Counsel for the appellant contends that the trial court committed reversible error in overruling his motion to suppress the in-court identification of the appellant. He maintains that evidence of the victim's identification of the appellant in the "one-man show-up" on the morning of the offense should have been suppressed and that evidence concerning the victim's identification of the appellant's voice was also improperly admitted. The appellant argues that the procedures used were impermissibly suggestive and were in violation of the appellant's constitutional rights.

A one-man show-up is not inherently unfair, and it is settled law that prompt, on-the-scene confrontations are not constitutionally impermissible, but are consistent with good police work. Robinson v. State, 55 Ala.App. 658, 318 So. 2d 354; Cornelius v. State, 49 Ala.App. 417, 272 So. 2d 623.

Whether there has been a violation of due process in the conduct of a confrontation depends on the totality of the circumstances surrounding it. Stovall v. Deno, 388 U.S. 293, 87 S. Ct. 1967, 18 L. Ed. 2d 1199. Also, whether the identification testimony is admissible is to be determined by the procedure used in obtaining the identification. If that procedure is so impermissibly suggestive as to create a substantial likelihood of irreparable mis-identification, the evidence is not admissible. Robinson v. State, supra; Denson v. State, Ala.Cr.App., 348 So. 2d 1139.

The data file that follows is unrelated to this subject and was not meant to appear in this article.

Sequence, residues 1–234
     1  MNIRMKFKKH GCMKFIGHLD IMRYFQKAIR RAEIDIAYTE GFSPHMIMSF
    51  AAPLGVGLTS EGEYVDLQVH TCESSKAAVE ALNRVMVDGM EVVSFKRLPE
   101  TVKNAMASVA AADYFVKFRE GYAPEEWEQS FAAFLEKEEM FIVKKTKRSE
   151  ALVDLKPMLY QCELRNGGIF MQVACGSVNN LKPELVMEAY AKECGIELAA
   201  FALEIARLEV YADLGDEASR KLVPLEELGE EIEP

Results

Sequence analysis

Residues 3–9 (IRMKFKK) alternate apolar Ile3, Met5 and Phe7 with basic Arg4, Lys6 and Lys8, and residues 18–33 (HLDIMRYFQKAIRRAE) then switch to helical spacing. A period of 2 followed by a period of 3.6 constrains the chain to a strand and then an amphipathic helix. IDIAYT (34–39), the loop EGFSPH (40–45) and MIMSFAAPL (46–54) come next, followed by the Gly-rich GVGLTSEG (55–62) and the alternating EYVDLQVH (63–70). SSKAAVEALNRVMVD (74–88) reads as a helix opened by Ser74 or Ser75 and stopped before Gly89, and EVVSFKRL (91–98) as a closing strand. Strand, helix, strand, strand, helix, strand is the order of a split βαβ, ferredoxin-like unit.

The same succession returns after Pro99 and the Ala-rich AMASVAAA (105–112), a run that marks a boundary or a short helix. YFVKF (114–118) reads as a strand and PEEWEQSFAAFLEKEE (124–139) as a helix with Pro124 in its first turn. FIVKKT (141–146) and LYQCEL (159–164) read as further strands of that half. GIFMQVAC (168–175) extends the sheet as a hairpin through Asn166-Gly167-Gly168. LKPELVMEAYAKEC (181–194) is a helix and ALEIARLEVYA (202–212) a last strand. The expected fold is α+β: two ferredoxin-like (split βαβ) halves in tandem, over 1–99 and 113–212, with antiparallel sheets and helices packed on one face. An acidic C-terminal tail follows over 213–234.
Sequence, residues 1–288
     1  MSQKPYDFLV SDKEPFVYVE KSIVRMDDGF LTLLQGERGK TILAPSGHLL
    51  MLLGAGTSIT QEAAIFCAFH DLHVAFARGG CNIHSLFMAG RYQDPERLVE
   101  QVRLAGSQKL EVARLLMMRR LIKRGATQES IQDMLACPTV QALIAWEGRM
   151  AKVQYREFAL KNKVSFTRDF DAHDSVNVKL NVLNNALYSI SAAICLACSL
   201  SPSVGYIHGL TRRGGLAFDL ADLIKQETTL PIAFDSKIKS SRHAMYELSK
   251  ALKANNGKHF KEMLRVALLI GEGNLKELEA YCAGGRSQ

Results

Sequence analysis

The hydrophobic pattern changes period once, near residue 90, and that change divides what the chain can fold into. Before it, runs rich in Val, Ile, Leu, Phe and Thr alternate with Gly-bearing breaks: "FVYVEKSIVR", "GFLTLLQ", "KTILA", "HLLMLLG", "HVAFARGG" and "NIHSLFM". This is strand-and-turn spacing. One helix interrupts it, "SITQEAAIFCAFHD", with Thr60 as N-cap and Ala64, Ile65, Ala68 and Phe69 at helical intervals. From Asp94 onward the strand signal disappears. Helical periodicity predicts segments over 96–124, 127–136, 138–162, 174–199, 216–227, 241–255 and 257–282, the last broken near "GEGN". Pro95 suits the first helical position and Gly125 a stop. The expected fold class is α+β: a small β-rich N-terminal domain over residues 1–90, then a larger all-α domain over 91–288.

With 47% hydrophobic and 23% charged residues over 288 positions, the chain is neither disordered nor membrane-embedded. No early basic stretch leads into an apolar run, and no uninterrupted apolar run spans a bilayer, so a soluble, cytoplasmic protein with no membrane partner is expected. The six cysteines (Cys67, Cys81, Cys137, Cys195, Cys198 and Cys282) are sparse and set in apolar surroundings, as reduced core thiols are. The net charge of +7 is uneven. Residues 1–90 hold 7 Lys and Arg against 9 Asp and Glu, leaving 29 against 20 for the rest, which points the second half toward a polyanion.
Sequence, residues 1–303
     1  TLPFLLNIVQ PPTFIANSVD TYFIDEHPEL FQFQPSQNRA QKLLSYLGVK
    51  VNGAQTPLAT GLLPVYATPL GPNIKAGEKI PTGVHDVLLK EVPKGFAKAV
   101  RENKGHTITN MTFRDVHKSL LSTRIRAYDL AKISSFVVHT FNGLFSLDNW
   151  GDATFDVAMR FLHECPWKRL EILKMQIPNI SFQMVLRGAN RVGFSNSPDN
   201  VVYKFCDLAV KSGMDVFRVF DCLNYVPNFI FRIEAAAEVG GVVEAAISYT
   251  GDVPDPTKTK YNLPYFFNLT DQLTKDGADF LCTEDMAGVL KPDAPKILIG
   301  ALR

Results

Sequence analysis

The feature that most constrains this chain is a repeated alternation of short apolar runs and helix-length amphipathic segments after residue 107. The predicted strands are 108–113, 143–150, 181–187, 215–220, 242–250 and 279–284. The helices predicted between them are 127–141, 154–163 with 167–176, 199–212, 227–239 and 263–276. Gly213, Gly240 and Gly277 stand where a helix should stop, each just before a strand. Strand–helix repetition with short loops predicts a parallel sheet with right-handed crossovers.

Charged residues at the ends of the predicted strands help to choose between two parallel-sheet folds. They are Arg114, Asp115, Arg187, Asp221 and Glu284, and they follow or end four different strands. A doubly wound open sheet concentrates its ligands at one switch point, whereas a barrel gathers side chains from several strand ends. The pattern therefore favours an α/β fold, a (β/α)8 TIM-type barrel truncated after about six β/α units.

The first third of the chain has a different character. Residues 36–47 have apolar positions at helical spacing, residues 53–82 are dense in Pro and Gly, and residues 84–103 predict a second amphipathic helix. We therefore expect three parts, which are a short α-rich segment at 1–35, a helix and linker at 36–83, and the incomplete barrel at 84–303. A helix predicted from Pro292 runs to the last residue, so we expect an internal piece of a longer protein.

The confrontation in the present case occurred within two hours of the commission of the assault and afforded an opportunity for the appellant to gain his release should the victim have been unable to identify him. When the victim of the assault viewed the appellant in the parking lot, he was the only suspect present. However, there was no suggestion by the police that he was her assailant.

In addition to the description given by the victim at the time she reported the offense, the following factors present in this case have a bearing on the reliability of her identification: (1) The length of time she had been with her assailant, (2) the opportunity she had to view him when he uncovered his face, (3) the reasonably good lighting in the area, (4) her description of the clothing her assailant was wearing at the time of the assault, (5) the fact that she had noticed the opening of the door to the apartment above both before and after the assault, and (6) her identification of the appellant's voice. These factors are relevant to the totality of the circumstances to be considered in a determination of whether the victim's in-court identification was properly admitted at trial. Neil v. Biggers, 409 U.S. 188, 93 S. Ct. 375, 34 L. Ed. 2d 401.